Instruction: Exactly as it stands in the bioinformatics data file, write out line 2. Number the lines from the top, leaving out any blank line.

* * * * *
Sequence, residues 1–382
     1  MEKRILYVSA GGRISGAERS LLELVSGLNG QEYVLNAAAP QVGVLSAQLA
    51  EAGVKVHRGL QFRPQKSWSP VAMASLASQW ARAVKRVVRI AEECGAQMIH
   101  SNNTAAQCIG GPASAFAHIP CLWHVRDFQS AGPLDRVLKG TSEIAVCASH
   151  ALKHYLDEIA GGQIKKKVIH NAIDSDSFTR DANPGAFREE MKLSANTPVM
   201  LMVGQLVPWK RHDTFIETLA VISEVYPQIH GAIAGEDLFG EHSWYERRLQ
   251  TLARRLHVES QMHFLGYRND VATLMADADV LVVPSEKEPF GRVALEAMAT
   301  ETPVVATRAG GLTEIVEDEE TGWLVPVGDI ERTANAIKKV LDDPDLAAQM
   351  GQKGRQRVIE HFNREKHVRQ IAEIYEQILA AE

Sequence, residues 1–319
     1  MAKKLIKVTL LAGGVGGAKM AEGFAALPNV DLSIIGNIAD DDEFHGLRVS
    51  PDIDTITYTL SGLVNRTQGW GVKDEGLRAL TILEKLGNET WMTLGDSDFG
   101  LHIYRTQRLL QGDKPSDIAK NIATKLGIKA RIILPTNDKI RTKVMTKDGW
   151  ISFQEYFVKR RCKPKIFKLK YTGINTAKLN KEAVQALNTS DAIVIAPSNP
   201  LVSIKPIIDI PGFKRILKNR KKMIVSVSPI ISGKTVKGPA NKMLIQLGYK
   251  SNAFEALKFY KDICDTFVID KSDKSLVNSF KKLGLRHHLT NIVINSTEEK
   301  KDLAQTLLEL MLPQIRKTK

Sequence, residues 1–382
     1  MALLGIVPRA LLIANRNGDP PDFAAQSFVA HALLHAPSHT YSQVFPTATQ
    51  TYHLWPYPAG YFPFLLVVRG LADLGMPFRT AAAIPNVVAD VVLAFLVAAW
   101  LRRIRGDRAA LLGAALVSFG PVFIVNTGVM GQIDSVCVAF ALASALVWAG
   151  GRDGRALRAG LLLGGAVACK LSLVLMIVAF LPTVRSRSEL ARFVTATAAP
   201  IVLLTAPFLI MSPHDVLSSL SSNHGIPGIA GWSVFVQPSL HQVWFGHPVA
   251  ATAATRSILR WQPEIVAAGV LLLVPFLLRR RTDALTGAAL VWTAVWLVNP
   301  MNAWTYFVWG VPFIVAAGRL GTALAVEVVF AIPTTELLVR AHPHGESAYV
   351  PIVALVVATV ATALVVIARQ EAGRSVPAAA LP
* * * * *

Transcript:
     1  MEKRILYVSA GGRISGAERS LLELVSGLNG QEYVLNAAAP QVGVLSAQLA